Note: This is the fifth post in the series: “Why Study History?”
In my previous post I argued that history provides the foundations for knowledge.
Beyond the foundations of knowledge, history also functions as possibly the only way students can understand the current world in which they live. For no one lives in a vacuum. A society’s current state of affairs is the result of a long process of changes and influences. Not to know the history of a society, is not to know the society. To understand ourselves, our cultures, our political structures, our way of acting, our way of thinking, etc. depends on the history of those things. As Aristotle pointed out, “we do not know a truth without its cause” (Aristotle, Metaphysics, 993b23). “Cause” here includes, but is certainly not limited to, past persons and events. Even the great champion of progressive education, John Dewey, noted that without a study of history, we cannot understand ourselves or our present condition:
But the achievements of the past provide the only means at command for understanding the present. Just as the individual has to draw in memory upon his own past to understand the conditions in which he individually finds himself, so the issues and problems of present social life are in such intimate and direct connection with the past that students cannot be prepared to understand either these problems or the best way of dealing with them without delving into their roots in the past.(John Dewey, Experience and Education)
For example, Herodotus seems quite conscious of the goal of using history to explain the current state of affairs in Greece and elsewhere. “The ancient feud between the Eginetans and Athenians arose out of the following circumstances…” (Herodotus, The History of Herodotus) These and numerous other such statements are found throughout Herodotus as he attempts to narrate the events which result in current political affairs. Similarly, Augustine’s City of God may be seen as an attempt to place the current decline of Rome into the cosmic history of mankind. Augustine’s defense against the charge that Christianity was responsible for the miseries of his own day, was to recount the historical processes and causes that led to Rome’s decline. That is, to understand the way things were at that time, it was necessary to understand how they arrived at those state of affairs.
Furthermore, the principle that “history enables one to understand the present” can be seen throughout the Old Testament. Again and again, the Israelites are called “to remember” what God has done in order to live correctly in the present. (Cf. Deut. 6:20-25; 7:6-19; 16:1-12; Joshua 24:1-27; I Samuel 12; Nehemiah 9; Jeremiah 2; Ezekiel 20) That is, apart from a “memory” or a “history” of God’s activities in the past, their present actions are meaningless: “When your son asks you in time to come, ‘What is the meaning of the testimonies and the statutes and the rules that the Lord our God has commanded you?’ then you shall say to your son, ‘We were Pharaoh’s slaves in Egypt. And the Lord brought us out of Egypt with a mighty hand…’” (Deut. 6:20-22 ESV). In the Old Testament, moral imperatives are always connected with historical indicatives. Without first understanding God’s role and relationship to the history of Israel, His commands might be seen as arbitrary or capricious.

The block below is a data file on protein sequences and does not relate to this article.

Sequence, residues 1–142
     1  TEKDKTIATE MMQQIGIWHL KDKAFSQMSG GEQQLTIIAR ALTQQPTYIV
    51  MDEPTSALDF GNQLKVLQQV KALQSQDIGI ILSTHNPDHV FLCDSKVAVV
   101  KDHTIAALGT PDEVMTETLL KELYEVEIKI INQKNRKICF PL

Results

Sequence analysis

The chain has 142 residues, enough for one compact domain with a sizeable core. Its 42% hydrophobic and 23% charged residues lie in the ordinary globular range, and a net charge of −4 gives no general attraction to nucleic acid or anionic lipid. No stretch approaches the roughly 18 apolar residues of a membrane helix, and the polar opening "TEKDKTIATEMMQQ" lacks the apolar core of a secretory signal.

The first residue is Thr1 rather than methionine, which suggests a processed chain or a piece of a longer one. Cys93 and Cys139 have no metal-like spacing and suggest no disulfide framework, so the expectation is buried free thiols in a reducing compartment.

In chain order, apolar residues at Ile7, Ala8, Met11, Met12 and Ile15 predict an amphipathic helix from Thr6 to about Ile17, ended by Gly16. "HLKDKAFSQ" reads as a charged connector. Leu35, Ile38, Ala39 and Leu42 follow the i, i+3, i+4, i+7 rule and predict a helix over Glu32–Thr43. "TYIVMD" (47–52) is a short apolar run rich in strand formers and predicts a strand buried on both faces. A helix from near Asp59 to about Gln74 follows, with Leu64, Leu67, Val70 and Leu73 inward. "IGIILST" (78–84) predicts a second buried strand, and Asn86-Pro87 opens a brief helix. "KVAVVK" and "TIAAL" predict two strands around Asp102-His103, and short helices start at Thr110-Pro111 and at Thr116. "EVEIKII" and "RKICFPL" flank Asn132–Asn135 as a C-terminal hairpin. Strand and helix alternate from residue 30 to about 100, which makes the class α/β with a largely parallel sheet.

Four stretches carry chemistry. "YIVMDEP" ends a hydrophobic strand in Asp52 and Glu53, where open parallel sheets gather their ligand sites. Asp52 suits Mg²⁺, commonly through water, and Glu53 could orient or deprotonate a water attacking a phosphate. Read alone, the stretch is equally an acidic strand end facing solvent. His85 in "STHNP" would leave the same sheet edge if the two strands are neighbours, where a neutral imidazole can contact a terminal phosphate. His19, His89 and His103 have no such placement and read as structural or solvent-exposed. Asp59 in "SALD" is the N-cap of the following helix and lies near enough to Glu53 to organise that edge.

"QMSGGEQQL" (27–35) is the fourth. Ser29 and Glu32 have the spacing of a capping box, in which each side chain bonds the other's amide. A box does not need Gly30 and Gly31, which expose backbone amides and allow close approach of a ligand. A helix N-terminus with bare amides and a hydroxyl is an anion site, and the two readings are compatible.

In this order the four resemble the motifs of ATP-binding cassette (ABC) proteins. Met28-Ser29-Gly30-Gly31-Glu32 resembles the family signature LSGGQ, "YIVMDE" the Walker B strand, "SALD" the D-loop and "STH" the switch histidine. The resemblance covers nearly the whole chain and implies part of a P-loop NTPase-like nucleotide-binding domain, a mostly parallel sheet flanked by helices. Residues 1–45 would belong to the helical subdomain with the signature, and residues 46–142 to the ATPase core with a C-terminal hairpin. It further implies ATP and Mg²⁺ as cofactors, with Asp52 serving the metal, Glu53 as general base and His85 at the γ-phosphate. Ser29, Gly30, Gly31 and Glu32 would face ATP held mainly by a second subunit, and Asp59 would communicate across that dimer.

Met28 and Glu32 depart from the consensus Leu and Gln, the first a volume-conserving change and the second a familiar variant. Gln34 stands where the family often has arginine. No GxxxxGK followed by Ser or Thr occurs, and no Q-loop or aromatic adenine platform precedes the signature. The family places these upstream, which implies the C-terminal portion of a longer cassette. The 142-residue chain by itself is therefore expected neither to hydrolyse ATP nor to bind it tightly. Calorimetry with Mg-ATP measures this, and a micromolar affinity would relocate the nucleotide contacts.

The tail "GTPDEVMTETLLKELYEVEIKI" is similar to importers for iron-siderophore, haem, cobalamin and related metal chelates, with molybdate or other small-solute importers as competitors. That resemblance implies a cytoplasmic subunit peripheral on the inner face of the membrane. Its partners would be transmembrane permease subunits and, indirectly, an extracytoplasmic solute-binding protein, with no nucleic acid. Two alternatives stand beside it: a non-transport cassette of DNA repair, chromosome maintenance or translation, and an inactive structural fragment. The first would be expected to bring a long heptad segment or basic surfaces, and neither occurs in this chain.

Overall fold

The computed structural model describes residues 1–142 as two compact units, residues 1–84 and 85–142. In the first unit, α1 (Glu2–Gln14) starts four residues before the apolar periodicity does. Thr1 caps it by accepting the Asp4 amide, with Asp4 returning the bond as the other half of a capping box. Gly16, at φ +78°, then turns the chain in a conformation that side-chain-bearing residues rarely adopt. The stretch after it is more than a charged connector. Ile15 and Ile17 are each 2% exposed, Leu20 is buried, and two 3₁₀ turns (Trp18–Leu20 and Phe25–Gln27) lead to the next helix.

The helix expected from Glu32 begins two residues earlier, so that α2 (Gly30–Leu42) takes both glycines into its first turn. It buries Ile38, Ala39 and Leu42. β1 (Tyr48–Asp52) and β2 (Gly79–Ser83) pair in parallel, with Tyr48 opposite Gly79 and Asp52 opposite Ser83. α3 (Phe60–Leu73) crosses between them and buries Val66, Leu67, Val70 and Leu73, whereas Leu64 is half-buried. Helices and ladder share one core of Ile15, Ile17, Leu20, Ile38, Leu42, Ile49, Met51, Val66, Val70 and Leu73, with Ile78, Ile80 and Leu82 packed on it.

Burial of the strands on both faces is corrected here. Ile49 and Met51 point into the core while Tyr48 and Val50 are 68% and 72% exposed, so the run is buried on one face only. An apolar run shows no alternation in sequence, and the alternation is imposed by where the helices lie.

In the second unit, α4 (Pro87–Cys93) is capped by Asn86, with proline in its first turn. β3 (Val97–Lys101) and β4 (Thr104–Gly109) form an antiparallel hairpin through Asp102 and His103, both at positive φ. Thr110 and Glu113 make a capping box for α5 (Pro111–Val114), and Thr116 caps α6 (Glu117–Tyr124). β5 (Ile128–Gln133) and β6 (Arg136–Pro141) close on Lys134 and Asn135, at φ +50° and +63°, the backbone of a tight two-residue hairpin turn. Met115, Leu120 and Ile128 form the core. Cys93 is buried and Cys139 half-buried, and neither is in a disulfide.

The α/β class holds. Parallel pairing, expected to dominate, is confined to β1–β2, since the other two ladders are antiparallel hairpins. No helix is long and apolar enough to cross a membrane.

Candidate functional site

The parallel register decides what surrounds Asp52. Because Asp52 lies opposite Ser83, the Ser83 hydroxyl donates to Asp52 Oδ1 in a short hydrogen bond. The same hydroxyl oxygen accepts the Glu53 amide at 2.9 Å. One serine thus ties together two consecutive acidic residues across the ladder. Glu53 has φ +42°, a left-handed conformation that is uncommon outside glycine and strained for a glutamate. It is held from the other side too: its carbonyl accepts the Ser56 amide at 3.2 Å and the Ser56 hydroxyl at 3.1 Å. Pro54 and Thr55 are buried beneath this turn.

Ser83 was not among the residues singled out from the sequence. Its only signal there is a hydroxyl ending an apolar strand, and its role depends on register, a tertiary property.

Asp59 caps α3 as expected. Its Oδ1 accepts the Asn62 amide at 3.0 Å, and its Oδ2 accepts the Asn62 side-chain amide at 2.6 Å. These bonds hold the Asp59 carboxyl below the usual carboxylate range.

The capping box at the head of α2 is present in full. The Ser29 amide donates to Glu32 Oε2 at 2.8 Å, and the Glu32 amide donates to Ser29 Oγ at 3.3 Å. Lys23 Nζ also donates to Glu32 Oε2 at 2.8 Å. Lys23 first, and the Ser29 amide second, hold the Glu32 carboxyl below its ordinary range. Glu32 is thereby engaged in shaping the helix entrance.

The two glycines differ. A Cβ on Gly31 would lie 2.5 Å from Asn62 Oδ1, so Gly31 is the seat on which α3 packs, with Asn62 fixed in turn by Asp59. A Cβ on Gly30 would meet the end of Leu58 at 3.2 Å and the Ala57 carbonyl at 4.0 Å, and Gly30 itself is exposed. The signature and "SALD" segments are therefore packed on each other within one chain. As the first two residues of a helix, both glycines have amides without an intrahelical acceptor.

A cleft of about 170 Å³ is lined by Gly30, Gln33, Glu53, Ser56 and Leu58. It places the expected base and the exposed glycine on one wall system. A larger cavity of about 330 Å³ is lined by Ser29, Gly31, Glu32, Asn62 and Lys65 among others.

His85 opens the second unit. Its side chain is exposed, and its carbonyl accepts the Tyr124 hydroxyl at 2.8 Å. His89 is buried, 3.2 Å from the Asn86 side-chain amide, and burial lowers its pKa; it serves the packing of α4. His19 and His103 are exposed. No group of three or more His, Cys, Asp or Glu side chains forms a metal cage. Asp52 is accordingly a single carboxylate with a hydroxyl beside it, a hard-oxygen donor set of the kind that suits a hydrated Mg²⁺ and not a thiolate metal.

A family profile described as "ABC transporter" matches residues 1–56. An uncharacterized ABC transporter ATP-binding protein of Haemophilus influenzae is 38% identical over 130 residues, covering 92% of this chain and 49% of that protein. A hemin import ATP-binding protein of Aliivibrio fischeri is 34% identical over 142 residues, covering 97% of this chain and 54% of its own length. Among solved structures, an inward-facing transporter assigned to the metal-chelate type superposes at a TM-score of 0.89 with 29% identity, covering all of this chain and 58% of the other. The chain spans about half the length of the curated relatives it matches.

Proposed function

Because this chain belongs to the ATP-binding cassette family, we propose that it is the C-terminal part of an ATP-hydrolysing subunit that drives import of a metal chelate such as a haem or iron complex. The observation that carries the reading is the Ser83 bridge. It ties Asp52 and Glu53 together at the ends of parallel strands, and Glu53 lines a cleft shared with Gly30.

Beyond an understanding of culture and current states of affairs, history, as pointed about above, can enable one to better understand specific disciplines. Blaise Pascal pointed out that the scientific research of his own day had shown too much deference to historical scientists, particularly Aristotle, and that this deference had slowed scientific progress. However, unlike other philosophers of his time (like Descartes), Pascal did not advocate ignoring the ancients in conducting new fields of research. Instead, says Pascal, “Since their [the ancient scientists] perfection depends upon time and effort, it is evident that even if our effort and time had gained us less than the labors of the ancients, separated from ours, the two together nevertheless must have more effect than either alone” (Blaise Pascal, Scientific Treatises). That is, if the scientist is going to advance any field of science, he must know the history of how the current understanding of his field developed. This was precisely what Pascal himself did in developing his theories and proving the existence of vacuums. The kind of “chronological snobbery” that has become prevalent today, arguing that because such-and-such a philosopher / scientist worked prior to a certain time they may therefore be ignored, is flatly rejected by Pascal. “The ancients should be admired for the consequences they drew correctly from the little stock of principles they had, and they should be excused for those in which they lacked the advantage of experiment rather than force of reason” (Ibid.)
As Pascal argues for a history of science, so too does Kant argue for a history of philosophy. In his Preface to the second edition of The Critique of Pure Reason, Kant traces the relative progress of science versus philosophy going all the way back to the earliest Greeks. The purpose of this historical narrative is to discover why science had been able to make certain advances, but philosophy had not. That is, Kant conducts an historical analysis of philosophy in order to learn the nature of, current understanding of, and the way of progress in philosophy. As Kant saw things, without such knowledge of the history of philosophy, no philosophical progress would be possible.
So we see the educative value of knowing history in order to know the current state of affairs of a society, and of advancing knowledge in various disciplines. Without such historical knowledge the student is attempting to live in a vacuum of time and space that is disconnected from the reality in which he lives.